Composer Bertolozzi eyes Eiffel, reflects on ‘Bridge Music’

Joseph Bertolozzi on the Mid-Hudson Bridge. (photo by Lauren Thomas)

Joseph Bertolozzi on the Mid-Hudson Bridge. (photo by Lauren Thomas)

Since 2009, people at the Franklin D. Roosevelt Mid-Hudson Bridge have heard music. During warmer months, they’ve heard strange percussive melodies emanating from listening stations on the bridge’s pedestrian lane. If they’ve parked on either side, they’ve heard the tune on their car radios.

Any way they’ve heard the “Bridge Music,” composer Joseph Bertolozzi is proud of his accomplishment.


“It’s exhilarating that it’s still up and running,” Bertolozzi said. “You work on these projects, and you want people to enjoy it.”

This April 1 marked the fifth season that walkers on the Mid-Hudson Bridge have been able to stop and enjoy the composer’s music.

Back in the mid-’00s, Bertolozzi spent time out on the bridge with a recording crew amassing a huge library of audio samples: percussive strikes; hammer blows; glockenspiel-like tones from hitting railings; plastic air gun pellets dropped into the inner columns; and logs pounding the beams. “It tested my creativity,” he said.

He came back home, took the good recordings and composed 10 songs based on sounds of the bridge alone. During the Henry Hudson 400 celebration, the New York State Bridge Authority unveiled the fruits of the composer’s long labors, putting out the music to the bridge’s visitors.

Eventually, after the successful launch at the bridge, the “Bridge Music” album (on Delos Productions) came in at No. 18 on the Billboard Classical Crossover chart.

Now several years later, Bertolozzi is ready to do it all over again — only this time in Paris and at the Eiffel Tower. The composer is getting ready to fly to France to record the sounds of that legendary world landmark.

“I’m actually going there on May 27,” he said. “I’m authorized to go just to record the sound.”

Bertolozzi’s small crew of about seven will cross the Seine armed with a slew of microphones, climb the tower and record for long 10-hour stints each day. They’ll capture as much audio as they can in two weeks before heading back to the States.

What he learned with his experiences on the bridge spanning the Hudson from Highland to Poughkeepsie will help him overseas.

“I have experience now to know how long the process will be. I have the experience I didn’t have when I spoke to the New York State Bridge Authority,” he said. “So I knew what to stay away from to keep my hosts happy.”

French government officials have given Bertolozzi certain guidelines, for his “Tower Music” project that he didn’t have working on the Mid-Hudson. “It was really important not to abrade the surface of the Eiffel Tower. It happened to an extremely minor degree on the Mid-Hudson Bridge — and I’m just talking a few hammer marks on a very small area of the bridge.”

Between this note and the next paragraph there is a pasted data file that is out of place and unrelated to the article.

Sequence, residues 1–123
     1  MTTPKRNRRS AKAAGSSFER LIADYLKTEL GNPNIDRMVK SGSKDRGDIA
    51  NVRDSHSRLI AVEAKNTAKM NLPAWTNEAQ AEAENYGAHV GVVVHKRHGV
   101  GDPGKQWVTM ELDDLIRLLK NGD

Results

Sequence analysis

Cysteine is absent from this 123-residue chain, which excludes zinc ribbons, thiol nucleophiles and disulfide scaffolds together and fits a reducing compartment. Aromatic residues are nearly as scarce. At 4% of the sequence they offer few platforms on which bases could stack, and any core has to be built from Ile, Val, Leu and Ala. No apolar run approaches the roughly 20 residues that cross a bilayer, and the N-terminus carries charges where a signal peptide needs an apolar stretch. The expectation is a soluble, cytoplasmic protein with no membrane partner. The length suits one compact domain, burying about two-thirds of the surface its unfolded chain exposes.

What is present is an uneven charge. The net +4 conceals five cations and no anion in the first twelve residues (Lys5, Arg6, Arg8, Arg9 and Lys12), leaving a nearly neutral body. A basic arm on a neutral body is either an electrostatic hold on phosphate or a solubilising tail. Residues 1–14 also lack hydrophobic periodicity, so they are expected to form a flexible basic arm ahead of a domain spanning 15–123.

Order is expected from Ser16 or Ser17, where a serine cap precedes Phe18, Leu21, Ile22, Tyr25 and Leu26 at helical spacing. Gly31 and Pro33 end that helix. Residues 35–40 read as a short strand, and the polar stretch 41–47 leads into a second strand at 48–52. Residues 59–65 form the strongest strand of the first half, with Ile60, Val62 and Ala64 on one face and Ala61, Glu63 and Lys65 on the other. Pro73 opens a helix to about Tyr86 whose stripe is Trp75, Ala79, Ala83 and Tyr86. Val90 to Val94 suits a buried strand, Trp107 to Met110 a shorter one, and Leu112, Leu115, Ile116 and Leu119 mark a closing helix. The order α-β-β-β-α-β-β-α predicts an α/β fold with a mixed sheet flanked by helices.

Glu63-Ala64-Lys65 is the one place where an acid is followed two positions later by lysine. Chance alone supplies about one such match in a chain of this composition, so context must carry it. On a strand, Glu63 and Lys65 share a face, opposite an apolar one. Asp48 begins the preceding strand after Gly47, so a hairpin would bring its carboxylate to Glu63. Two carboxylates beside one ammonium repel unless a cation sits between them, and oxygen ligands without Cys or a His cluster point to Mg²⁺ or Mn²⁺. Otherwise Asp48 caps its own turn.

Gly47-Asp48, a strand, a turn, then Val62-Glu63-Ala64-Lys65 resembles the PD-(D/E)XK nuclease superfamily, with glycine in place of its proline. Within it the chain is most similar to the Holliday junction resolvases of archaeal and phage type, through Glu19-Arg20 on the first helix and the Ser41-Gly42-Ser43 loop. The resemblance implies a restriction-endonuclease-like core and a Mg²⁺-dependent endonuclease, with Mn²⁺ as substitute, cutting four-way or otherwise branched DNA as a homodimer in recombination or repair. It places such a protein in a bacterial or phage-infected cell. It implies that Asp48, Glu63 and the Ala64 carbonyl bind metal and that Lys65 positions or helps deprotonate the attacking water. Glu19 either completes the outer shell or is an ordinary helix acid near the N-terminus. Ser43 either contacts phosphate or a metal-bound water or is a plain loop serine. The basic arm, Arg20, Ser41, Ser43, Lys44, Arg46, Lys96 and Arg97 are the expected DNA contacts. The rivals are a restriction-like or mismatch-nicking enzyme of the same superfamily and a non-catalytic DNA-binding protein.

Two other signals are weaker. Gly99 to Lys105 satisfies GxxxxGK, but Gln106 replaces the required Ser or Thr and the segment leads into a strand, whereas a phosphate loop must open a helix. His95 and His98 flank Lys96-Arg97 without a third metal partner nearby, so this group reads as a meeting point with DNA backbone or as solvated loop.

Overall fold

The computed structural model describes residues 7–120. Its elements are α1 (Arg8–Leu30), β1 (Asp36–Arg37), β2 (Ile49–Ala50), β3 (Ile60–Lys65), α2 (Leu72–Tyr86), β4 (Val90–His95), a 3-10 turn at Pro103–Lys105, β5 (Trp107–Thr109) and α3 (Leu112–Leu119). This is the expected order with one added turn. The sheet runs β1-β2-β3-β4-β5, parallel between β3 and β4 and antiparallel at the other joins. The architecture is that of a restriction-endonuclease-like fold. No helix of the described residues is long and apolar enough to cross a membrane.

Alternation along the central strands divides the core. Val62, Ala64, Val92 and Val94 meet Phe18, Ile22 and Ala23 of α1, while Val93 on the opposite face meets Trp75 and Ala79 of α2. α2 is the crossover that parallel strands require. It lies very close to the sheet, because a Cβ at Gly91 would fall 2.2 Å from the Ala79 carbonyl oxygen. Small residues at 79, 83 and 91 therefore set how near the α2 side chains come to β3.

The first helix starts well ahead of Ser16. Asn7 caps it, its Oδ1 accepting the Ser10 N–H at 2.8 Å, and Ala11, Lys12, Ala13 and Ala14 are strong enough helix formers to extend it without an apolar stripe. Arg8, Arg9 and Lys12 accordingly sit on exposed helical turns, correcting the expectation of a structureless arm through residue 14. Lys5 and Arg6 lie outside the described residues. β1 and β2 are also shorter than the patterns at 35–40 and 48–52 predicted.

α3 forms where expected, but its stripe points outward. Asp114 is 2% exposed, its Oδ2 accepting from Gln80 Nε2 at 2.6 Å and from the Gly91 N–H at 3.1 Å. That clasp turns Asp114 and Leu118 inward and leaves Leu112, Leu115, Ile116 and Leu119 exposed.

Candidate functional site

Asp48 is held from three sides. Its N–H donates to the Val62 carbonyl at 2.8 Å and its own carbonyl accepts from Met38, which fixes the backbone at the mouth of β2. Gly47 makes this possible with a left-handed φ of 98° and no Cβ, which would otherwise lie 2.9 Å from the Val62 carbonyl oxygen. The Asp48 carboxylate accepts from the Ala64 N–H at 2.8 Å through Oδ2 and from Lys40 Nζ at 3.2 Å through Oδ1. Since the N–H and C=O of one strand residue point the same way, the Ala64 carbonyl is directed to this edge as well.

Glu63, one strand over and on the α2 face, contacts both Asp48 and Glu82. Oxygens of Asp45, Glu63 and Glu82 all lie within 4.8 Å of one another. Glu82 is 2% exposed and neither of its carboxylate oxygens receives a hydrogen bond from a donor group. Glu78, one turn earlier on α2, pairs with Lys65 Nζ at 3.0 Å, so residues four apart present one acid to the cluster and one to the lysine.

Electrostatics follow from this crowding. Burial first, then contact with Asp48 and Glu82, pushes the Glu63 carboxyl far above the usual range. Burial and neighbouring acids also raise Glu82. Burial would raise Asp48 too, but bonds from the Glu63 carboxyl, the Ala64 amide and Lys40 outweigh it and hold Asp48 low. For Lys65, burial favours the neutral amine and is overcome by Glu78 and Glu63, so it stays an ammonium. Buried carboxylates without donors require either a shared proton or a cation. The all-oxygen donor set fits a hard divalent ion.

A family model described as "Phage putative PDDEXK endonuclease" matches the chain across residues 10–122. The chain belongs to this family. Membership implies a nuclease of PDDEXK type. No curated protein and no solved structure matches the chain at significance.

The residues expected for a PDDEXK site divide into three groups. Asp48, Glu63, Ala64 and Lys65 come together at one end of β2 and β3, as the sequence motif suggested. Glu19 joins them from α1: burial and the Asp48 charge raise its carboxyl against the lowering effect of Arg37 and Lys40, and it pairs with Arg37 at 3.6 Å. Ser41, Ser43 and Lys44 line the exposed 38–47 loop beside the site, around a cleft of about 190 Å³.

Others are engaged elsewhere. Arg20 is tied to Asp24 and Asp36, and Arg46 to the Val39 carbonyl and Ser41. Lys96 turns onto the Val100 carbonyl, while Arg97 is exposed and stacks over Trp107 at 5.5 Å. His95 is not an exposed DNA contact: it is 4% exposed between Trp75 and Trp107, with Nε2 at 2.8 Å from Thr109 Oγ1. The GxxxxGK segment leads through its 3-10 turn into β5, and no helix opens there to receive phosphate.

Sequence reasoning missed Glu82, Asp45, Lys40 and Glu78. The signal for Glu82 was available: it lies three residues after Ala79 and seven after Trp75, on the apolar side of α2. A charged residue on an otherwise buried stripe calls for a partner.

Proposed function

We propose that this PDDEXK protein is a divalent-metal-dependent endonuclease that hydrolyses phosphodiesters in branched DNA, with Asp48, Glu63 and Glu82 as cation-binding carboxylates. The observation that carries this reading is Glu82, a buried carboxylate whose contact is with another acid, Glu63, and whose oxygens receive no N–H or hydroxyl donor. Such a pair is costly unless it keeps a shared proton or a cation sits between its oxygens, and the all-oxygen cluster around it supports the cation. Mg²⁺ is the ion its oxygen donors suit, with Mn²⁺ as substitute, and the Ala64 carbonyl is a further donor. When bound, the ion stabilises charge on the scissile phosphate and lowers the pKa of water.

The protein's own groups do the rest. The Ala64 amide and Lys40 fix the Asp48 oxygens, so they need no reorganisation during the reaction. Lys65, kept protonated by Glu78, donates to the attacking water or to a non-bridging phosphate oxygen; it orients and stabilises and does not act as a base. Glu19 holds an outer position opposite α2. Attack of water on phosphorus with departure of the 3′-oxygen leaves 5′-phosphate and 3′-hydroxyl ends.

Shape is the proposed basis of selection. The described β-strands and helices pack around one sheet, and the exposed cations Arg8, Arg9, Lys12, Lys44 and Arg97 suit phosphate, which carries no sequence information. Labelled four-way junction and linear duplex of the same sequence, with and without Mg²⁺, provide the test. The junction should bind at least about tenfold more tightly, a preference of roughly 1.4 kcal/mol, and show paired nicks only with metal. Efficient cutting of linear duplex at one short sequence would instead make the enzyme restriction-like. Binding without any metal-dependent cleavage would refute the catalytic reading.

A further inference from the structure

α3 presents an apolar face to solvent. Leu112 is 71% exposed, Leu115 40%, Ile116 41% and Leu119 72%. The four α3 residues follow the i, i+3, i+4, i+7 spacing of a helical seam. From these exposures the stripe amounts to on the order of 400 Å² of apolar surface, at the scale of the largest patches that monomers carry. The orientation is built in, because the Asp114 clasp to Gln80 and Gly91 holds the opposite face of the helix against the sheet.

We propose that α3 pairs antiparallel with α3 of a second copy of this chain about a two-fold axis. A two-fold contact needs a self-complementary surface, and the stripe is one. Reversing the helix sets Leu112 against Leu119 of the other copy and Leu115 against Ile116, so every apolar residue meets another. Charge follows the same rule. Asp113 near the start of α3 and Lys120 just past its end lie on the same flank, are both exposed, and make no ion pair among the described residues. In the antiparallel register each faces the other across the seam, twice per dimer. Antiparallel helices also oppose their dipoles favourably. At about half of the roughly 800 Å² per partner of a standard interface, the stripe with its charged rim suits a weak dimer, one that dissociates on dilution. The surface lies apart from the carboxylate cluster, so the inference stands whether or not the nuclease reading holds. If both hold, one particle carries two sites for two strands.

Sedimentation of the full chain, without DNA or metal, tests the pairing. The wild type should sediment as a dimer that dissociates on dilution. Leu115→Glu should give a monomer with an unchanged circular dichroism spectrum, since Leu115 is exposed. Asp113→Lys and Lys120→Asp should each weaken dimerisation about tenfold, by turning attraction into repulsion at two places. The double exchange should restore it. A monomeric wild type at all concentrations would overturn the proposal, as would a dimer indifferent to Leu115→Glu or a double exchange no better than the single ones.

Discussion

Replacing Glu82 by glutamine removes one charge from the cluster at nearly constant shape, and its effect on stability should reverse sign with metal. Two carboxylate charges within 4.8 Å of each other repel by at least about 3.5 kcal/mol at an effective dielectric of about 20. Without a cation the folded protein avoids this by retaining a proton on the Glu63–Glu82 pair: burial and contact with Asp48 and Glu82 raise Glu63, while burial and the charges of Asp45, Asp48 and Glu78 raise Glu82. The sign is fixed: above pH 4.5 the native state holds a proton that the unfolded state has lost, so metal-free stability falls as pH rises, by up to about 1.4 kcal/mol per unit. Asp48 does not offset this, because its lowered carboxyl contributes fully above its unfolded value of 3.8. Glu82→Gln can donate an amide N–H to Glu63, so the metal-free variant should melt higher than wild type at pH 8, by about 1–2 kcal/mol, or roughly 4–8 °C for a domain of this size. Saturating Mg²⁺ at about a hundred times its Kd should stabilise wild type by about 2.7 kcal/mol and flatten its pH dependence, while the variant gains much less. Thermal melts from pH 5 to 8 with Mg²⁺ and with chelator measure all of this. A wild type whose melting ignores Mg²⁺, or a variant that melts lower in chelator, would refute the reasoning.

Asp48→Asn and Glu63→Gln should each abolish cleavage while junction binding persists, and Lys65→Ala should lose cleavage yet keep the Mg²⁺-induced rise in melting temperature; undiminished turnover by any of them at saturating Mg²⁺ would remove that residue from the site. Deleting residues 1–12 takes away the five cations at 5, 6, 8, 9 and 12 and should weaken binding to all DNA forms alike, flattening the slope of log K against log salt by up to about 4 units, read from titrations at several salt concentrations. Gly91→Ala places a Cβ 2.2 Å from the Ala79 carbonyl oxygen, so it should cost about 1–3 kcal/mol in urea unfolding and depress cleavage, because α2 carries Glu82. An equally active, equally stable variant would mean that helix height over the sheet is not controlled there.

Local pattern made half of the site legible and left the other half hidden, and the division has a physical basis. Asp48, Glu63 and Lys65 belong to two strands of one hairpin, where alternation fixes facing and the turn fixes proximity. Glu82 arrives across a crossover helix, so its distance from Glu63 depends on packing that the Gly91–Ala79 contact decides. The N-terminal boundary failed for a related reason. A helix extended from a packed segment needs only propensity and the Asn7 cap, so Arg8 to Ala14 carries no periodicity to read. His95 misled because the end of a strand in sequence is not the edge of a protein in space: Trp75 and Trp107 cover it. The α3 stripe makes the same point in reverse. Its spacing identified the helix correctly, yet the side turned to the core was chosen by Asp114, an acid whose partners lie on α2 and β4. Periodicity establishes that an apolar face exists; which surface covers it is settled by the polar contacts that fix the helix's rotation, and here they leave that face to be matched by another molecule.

The gentleness and respect he’ll have to treat it with is admittedly different. “I’m going with just wooden mallets and rubber-coated mallets, and I’ll just work with it that way. Whatever sounds I acquire will be the sounds you hear in the music.”

The Eiffel went up in 1889 during the Exposition Universelle, or the World’s Fair, and quickly redefined the Parisian skyline, creating a tourist destination drawing crowds from everywhere. “Tower Music” is set to be unveiled in 2014 to mark its 125th anniversary.

Negotiations with state government officials in New York went slowly when Bertolozzi first proposed “Bridge Music,” so he’s used to waiting. But in France he also had a language barrier. He’s worked on setting up “Tower Music” since 2009.

“I now have a black belt in patience,” the composer joked. “When you work with any government agency, the wheels turn slow.”

He effectively used his work on the Mid-Hudson — and the international news coverage of that project — as a resumé and proof of concept to convince the French that letting a foreigner play drums on a beloved icon might actually work.

“Now I have something to show for it. It was hard enough to explain in English. But now I had videos, a finished project,” he said.

To hear the composer’s first musical landmark project, head out to the bridge’s listening stations. You can also hear the music by tuning to 95.3 FM at Waryas Park in Poughkeepise or at Johnson-Iorio Park in Highland.

Learn more about the man behind the music at